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Curated content on higher education presented by the Society for College and University Planning (SCUP).
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The Next Chapter for HBCUs: Three Imperatives | Inside Higher Ed

There has been lots of speculation about the future of HBCUs. While some of this has played out in the media, there is also an on-going conversation within this sector about what needs to happen to ensure a viable and productive future. Both conversations are sensitive in nature, saturated with nuance and divergent views concerning which directions are best. There are, however, a few clear environmental signs that demand the attention of everyone concerning the future of HBCUs regardless of one’s current position.

1. Outcomes represent the “coin of the realm”;

2. Delivery systems matter; and

3. Using data and assessment to inform decisions. [end quote]

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The Daily Tar Heel :: Black universities struggle with retention

The Daily Tar Heel :: Black universities struggle with retention | SCUP Links |
Historically black colleges across the country have pointed to student retention as the biggest problem facing institutions today.


A very nice article interviewing SCUP's director of planning and Education Phyllis Grummon, as well as administrators from Winston-Salem State University and Elizabeth City State University.

andrew mulinge's curator insight, December 8, 2013 10:56 PM

HIstorically black college and universities have provided the means of education for many afirican americna sin the past and in the present as well. One of the main issues that is decreasing retention is the lack of financial support for most students. At prestigious institutions across the world, the alumni is a valuable asset to the success of the students. My concern is where are the alumni from these schools? Given the names of significant alumni at for example Howard, why is it that they are near backrupt? Where is the support? How can we garnish more support for alumni so HBCUs don't become extinct in the next decade?!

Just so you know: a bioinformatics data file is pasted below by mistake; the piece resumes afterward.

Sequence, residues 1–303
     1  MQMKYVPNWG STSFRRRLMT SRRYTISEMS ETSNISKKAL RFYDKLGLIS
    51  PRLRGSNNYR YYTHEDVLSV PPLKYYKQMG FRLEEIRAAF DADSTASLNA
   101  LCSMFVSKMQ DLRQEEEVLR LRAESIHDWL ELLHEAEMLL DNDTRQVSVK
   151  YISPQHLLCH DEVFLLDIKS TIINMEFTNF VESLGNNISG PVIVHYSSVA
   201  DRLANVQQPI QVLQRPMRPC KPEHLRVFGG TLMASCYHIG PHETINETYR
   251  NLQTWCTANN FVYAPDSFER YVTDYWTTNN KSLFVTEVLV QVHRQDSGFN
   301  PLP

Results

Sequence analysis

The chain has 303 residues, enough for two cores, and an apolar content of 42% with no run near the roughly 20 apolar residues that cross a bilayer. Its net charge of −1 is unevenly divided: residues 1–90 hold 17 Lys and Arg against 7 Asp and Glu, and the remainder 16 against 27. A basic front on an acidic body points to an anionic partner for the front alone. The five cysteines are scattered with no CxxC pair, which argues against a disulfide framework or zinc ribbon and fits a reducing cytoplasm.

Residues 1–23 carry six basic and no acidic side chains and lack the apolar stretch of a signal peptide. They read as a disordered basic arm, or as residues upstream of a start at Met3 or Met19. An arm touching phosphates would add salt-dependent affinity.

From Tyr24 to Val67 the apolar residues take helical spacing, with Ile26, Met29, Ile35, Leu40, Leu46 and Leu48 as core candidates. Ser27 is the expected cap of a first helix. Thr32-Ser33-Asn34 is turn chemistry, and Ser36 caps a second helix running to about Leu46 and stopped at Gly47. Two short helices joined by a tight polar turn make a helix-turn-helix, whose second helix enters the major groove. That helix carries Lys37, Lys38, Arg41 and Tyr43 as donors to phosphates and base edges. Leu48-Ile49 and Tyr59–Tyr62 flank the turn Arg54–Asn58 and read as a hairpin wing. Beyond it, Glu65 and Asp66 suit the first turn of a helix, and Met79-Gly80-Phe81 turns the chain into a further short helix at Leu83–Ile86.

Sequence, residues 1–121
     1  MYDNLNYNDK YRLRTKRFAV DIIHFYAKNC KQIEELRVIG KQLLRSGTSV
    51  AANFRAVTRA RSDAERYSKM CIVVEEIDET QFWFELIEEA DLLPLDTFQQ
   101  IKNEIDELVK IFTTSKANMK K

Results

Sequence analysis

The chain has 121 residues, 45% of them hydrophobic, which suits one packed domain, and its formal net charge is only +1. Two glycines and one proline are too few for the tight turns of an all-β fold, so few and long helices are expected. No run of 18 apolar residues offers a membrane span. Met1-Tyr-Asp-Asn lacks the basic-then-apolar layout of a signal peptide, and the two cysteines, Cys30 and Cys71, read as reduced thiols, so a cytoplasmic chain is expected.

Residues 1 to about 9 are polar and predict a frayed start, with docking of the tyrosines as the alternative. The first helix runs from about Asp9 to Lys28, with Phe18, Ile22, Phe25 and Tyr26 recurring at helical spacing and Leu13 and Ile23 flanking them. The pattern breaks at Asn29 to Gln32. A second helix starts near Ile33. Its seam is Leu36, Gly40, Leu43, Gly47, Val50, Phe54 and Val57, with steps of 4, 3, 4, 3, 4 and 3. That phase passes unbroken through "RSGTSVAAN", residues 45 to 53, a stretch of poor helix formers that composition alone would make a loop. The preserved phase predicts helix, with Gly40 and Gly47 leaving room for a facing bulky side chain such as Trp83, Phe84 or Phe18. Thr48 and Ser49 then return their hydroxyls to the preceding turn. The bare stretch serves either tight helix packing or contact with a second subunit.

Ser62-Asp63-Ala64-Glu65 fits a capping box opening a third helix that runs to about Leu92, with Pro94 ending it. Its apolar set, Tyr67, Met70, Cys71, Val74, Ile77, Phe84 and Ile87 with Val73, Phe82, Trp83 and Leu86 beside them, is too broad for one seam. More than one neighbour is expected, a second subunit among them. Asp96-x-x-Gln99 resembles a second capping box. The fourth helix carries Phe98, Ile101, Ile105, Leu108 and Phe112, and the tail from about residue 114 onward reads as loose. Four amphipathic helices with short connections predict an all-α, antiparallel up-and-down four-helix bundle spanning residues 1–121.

The mission for black colleges and universities continues

The mission for black colleges and universities continues | SCUP Links |

A very nice local piece which travels well across the country:

"What do HBCUs do well? Kimbrough said because those campuses enroll a disproportionate number of low-income students, they are able to cater to them in a way traditional schools cannot, including additional programs such as federally funded TRIO programs and extra attention from faculty and staff where it's needed.

'That's the real heavy lifting in higher education. When you look at the country as a whole, it's becoming more diverse and there are more people of color. We still have this growing gap based on income,' he said.

'We've become the model on how to take students from meager backgrounds and prepare them to be fully functioning citizens and productive citizens.''

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A Multidimensional Challenge for Black Colleges - Commentary - The Chronicle of Higher Education

A Multidimensional Challenge for Black Colleges - Commentary - The Chronicle of Higher Education | SCUP Links |